Teardowns and Disassembly
Tearing Down the Sony 24-70 f/4 ZA OSS Vario Tessar
Those of you who read our teardowns know that we commonly are tearing down Canon or Nikon mount lenses. The reasons are pretty simple and it basically comes down to the fact that we have a lot more of those lenses. If we have a lot more it’s less of a problem to take a couple out of stock for a teardown. Plus, we’re more likely to be doing repairs on them in-house so we need to know the layout. Not to mention, since we spend most of our day inside those lenses, we know our way around them pretty well and don’t look to stupid when we do a teardown.
But people who shoot Sony, or Pentax, or micro 4/3 ask us to rip apart their lenses, too. We’ve avoided doing that because of the above reasons and because we rarely try to repair them. But in the last few months, we’ve gotten motivated to look inside Sony E mount lenses. Partly it’s because we’re carrying a lot more of them. Partly it’s because repair costs on Sony lenses have become — well I like Sony, so let’s just say “fully valued.”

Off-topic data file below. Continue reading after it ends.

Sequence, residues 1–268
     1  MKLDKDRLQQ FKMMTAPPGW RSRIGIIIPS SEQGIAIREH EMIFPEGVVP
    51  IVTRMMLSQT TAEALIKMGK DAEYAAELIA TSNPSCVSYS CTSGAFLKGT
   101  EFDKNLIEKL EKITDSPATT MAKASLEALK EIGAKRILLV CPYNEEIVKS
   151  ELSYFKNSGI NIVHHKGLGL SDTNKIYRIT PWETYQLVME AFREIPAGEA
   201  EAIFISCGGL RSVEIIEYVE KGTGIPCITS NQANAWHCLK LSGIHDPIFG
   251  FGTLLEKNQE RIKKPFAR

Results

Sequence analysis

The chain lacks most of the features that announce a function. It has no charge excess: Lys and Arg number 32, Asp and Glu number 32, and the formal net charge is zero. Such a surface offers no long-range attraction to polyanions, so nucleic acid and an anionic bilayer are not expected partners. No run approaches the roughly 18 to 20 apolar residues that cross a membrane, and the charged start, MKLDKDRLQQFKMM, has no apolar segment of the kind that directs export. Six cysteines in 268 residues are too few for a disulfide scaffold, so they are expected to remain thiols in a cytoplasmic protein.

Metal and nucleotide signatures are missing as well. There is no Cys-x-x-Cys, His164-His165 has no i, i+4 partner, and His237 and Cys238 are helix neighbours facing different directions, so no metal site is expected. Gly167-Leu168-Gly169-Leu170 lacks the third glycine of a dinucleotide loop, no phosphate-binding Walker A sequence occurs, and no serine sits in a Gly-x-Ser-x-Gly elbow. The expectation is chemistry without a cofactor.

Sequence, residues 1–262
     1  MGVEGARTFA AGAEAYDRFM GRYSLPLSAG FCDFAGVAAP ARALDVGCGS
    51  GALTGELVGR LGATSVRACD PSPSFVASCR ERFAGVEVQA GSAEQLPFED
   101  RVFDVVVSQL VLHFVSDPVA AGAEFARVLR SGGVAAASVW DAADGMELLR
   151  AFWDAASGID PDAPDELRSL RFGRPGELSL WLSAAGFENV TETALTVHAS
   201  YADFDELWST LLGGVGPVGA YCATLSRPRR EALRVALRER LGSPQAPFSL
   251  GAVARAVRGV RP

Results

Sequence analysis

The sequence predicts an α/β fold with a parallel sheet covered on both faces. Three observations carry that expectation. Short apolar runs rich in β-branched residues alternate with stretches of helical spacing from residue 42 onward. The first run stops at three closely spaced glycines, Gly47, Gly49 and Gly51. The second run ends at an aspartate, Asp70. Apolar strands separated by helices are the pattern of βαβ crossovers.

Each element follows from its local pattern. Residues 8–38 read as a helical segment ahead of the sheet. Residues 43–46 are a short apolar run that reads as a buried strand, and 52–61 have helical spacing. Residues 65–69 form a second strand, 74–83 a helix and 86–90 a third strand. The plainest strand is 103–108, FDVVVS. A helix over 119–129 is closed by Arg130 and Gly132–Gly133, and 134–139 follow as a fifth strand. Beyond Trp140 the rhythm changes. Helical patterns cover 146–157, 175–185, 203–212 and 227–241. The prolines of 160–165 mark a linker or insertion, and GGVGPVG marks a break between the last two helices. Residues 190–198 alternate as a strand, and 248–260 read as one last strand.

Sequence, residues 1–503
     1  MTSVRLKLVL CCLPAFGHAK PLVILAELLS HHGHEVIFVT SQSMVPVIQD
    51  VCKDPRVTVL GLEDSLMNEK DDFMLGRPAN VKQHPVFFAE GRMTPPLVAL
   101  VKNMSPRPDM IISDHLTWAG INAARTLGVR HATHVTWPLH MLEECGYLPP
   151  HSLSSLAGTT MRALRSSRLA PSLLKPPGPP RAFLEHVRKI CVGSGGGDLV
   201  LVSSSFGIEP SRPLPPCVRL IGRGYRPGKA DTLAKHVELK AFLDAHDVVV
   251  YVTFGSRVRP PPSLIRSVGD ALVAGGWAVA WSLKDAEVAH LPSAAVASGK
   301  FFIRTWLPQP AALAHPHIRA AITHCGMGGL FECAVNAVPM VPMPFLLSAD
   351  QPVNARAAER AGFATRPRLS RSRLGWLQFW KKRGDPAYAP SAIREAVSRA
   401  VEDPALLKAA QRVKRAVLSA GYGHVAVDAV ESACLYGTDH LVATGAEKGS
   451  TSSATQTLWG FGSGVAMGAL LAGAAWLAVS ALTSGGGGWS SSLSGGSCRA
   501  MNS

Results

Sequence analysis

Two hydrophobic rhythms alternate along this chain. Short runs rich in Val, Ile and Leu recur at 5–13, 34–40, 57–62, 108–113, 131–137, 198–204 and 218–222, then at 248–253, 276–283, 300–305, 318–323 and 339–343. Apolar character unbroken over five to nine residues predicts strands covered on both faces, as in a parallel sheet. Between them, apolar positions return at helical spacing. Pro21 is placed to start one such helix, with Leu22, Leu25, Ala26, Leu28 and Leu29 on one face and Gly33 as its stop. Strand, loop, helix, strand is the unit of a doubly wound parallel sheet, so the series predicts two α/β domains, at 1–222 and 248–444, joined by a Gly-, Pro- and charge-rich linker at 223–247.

A few days ago, we sent a Sony 24-70 f/4 ZA OSS to repair because it made a grinding noise and wouldn’t autofocus properly. That kind of thing happens all the time and the repair cost at most manufacturers is $200 to $300. When the service center told this would be an $800 repair, we decided to have them send it back and take a look inside ourselves.
One thing I like to mention before we start an article is what my expectations were on the front end. We know the 24-70 f/4, like most of the new Sony E mount lenses, has electromagnetic, rather than helicoid, autofocus. We also know that there’s a bit more optical variability in these lenses (making me think optical adjustments are somewhat limited). So I rather expected we would find the internal optics/electromechanical parts of the lens might be completely sealed; not repairable, only replaceable. That would go along with high repair costs, too.